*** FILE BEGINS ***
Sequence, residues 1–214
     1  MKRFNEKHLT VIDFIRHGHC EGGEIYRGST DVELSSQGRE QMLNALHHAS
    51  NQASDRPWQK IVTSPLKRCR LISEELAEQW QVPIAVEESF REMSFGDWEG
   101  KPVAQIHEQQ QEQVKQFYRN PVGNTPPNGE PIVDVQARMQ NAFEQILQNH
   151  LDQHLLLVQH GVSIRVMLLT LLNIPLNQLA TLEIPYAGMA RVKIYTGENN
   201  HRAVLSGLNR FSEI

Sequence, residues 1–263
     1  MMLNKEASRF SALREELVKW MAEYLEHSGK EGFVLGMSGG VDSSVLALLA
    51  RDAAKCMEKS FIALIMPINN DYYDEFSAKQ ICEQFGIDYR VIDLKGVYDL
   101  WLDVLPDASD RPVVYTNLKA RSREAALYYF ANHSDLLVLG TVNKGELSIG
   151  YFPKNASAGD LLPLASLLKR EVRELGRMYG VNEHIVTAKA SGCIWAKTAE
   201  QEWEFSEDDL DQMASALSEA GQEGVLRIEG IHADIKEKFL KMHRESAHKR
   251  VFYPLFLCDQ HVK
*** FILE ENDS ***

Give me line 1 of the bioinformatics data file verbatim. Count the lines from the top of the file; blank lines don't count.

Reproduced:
Sequence, residues 1–214